— The combative and blunt-speaking John Sununu woke up Illinois' GOP delegation on the final day of the Republican National Convention by tossing some major broadsides at President Barack Obama, even suggesting that convicted influence-peddler Antoin "Tony" Rezko could help the Democrat purchase a new home after a Nov. 6 defeat.
A former New Hampshire governor and White House chief of staff to President George H.W. Bush, Sununu spent 20 minutes Thursday speaking as a surrogate for Republican presidential nominee Mitt Romney. Sununu used the time to blast Obama as "inept" and "incompetent."
"Are there folks here from Chicago?" Sununu asked the delegation. "You ought to go into the real estate business because there's a guy who's got a lot of friends who are coming, that's coming back to look for a house next January. Maybe Tony Rezko can help him again."
An Obama fundraiser, Rezko bought a vacant lot next to Obama's Kenwood home at the same time the future president got a mortgage to buy his residence. Rezko later sold a portion of the lot to Obama. In 2008, Rezko was convicted of corruption associated with now-imprisoned former Gov. Rod Blagojevich and was sentenced to 101/2 years in federal prison. Obama has said the real estate dealings were "a lapse in judgment."
Sununu contended that Obama has failed to bring the country together as he promised during his 2008 campaign.
"Can you imagine a president who made promises to unite who has failed so badly and who has, in such an unethical way, promoted class warfare and racial tension?" Sununu said. "You really think as clumsy as he is that Joe Biden's comments on chains were an accident?"
The vice president came under criticism recently for saying Republicans want to put voters "back in chains" if the GOP releases Wall Street from restrictions.
Moreover, Sununu called Obama an "incompetent man, who has been campaigning for a year without really working in the White House," preferring to play golf rather than meet with his job-creation council.
"In an odd way, that's what this election may be all about: competence over charm packaged in an inept president," Sununu said.
Third time? State Sen. Bill Brady, the unsuccessful GOP candidate for governor two years ago, met with delegates Thursday morning after arriving from an anniversary celebration in New York with his wife, Nancy. The senator from Bloomington said a decision on making a third bid for the office would "probably" come in January.
Brady spent Wednesday night at the Tampa Bay Times Forum in a suite sponsored by the Republican Governors Association, which pumped millions of dollars in TV advertising into his losing bid against Democratic Gov. Pat Quinn in 2010. While there, Brady said he received some encouraging words from former Florida Gov. Jeb Bush.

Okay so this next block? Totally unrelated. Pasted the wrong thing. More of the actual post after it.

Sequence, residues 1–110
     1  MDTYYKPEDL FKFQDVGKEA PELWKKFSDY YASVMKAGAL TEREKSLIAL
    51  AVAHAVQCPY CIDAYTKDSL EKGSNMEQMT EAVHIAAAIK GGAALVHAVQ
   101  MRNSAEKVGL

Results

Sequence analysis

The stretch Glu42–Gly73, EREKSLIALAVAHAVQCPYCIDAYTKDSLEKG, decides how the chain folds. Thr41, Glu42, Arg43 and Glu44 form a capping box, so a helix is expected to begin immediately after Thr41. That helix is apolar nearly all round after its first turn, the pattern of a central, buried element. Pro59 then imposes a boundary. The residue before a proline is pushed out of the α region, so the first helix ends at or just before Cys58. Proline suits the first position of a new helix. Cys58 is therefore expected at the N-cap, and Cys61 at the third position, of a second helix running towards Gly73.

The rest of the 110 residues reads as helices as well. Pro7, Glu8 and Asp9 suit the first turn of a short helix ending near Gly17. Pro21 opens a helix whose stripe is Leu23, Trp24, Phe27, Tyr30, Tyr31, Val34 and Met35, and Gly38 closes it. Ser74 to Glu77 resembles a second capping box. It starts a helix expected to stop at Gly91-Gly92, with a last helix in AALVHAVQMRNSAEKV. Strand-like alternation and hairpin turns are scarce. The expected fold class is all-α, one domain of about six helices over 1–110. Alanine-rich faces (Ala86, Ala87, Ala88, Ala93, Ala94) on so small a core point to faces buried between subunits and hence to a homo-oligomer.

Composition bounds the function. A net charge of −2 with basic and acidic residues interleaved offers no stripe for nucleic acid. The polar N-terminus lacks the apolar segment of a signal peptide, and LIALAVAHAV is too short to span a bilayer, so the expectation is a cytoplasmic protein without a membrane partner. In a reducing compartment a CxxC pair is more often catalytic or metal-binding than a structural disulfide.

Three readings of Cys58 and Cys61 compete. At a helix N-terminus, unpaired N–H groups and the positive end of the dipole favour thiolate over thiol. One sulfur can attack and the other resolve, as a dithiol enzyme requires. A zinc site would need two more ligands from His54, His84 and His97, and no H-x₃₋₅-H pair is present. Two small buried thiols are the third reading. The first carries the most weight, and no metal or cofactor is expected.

"Jeb Bush said it to me, he said, 'You know, Bill, I don't know if you're going to run again. But I'll tell you, strangely as it seems, I wouldn't have won the second time if I didn't lose the first,'" Brady recalled. "He said in big states like Illinois and Florida, people need to get to know you and if they don't know you, when people attack you, it sticks. So it's important that I continue to get to know people, if that's what I want to do."
Ironing: Comptroller Judy Baar Topinka, who hosted the Wednesday night post-convention delegation party, couldn't resist another shot at the late-arriving buses that marked the convention's first day Tuesday.
"I'm so glad you're still awake, for gosh sakes," Topinka said. "I don't think most of you went to bed before 3 in the morning — and it wasn't even because of the bus."
Topinka also said she had been asked if she had a better appreciation for Romney because he can iron his own shirts. "Yes, I can relate to that," said Topinka, adding she didn't know how to iron. "My mother always told me, don't ever learn how or otherwise you're going to get stuck doing it forever."
That prompted state GOP Chairman Pat Brady to say, "One of the first jobs in prison is the laundry room. Maybe Rod Blagojevich is ironing shirts today."
Added the party chairman: "Hey, you can't go a whole convention without a Blagojevich joke."
Santorum pledge: The Illinois Republicans cast all their nominating votes in Tampa for Romney, but he and Rick Santorum waged a fierce March primary battle around the state, and 12 of the 69 delegates on hand in Tampa were pledged to Santorum until he released them last week.
On Thursday morning, Romney state chairman Dan Rutherford invited Santorum Illinois campaign director Jon Zahm to lead the delegation in the Pledge of Allegiance, a move Zahm said he appreciated but didn't need in order to feel welcomed by the Romney supporters.
"We had a hard-fought campaign here. There could be bitter feelings held, but I haven't experienced them. I haven't felt disregarded," Zahm said.
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